Sooners want to keep it local

NORMAN, Okla. -- Oklahoma is a program with the ability to walk into homes and high schools around the nation and ignite the initial interest of recruits, their parents and high school coaches alike. It opens up options for the Sooners in recruiting, a notion validated by Class of 2013 signees from California, Florida, Washington, Michigan and even Canada.

Yet on signing day, OU's coaching staff reiterated its commitment to recruiting the Big 12 region, with its signees and its words.

The Sooners added 17 players from Texas or Oklahoma among its 24 signees last week, then followed it up by talking about the importance of local signees.

"There are great players in the state of Oklahoma," head coach Bob Stoops said. "We're always looking and trying to evaluate the local players, and through the years we have a lot of standout, national award-winning Oklahoma players."

Sam Bradford and Gerald McCoy are names that come to mind immediately. Both starred as prep players in Oklahoma before becoming All-Americans at OU. And Aaron Colvin and Gabe Ikard, two all-Big 12 players and core members of the 2013 Sooners squad, are former Oklahoma high school standouts.

"We always want to do a great job in our home state, and fortunately, through the years, we have," Stoops said.

Five players from Oklahoma signed with OU last Wednesday.

"We're going to sign as many as we can from the state," running backs coach Cale Gundy said. "We've had a lot of very good players from Oklahoma."

When talking about Jenks, Okla., receiver Jordan Smallwood, offensive coordinator Josh Heupel's words revealed a concrete reason why inking in-state players is the perfect scenario.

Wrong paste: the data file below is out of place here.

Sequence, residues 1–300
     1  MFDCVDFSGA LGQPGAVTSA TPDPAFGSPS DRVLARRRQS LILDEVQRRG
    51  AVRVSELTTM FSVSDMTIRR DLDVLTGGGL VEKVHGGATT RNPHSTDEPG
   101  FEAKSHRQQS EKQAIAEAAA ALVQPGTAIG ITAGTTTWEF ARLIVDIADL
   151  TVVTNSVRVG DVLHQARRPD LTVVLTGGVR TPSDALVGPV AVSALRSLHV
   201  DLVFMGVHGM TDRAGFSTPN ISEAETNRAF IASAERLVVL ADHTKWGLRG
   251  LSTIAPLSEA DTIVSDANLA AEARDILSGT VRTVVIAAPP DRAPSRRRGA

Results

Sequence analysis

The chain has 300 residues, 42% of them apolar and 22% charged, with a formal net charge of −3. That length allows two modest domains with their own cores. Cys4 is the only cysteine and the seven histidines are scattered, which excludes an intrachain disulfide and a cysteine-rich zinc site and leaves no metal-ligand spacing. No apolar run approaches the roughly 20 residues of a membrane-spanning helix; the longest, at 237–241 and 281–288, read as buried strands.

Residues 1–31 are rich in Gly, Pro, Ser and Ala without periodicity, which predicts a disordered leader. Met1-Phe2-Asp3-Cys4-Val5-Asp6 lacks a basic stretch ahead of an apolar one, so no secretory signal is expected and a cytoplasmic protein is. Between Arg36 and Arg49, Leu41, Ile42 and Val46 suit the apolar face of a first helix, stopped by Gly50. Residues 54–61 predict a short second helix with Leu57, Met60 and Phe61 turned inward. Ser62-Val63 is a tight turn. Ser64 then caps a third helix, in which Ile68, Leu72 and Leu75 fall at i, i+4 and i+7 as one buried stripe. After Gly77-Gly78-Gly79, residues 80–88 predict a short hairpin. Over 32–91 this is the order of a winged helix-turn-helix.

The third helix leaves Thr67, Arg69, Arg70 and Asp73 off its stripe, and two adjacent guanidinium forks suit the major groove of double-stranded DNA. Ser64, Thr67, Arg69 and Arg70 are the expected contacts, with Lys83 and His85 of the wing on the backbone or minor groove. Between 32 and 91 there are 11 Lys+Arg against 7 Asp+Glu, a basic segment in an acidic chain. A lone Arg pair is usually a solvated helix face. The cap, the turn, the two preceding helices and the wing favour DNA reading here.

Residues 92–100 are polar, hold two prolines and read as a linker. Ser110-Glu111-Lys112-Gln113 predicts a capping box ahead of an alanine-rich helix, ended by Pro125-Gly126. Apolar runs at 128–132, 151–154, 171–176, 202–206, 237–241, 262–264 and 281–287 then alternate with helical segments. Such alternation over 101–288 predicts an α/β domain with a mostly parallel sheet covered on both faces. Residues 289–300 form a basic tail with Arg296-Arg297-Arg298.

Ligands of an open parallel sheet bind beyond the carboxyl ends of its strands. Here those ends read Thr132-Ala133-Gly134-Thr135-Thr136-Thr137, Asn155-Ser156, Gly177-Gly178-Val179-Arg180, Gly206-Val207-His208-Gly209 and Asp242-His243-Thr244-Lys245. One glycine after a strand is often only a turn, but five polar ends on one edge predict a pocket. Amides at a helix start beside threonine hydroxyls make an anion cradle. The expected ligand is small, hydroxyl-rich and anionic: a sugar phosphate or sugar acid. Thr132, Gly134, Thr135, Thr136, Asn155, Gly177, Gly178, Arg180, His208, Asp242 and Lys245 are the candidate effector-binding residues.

"It matters to him that he's playing at the University of Oklahoma," Heupel said. "Typically, those guys are guys that make an big impact while they're here."

Even defensive coordinator Mike Stoops, who went to Florida and California for three of his five signees, prefers not to focus OU's recruiting efforts on a nationwide philosophy.

"Ideally, we would like to stay within a three- or four-hour radius of our university," he said.

The reasoning is simple. The name "Oklahoma" brings value that gets Sooners' coaches in the door. Yet, more times than not, it's simply not enough to convince a 18-year old to leave his family and friends to move across the country.

"You have to be careful going across the country, spending a lot of time recruiting players," said Gundy, who also serves as OU's recruiting coordinator. "Early in the recruiting process, everybody from the outside -- California, Florida, all over -- is going to like Oklahoma, just like all these players in Oklahoma and Texas like USC, Florida, Notre Dame, Ohio State.

"But, at the end of the day, which ones are really going to go across the country, leave their family members? And which ones are going to stay closer to home?"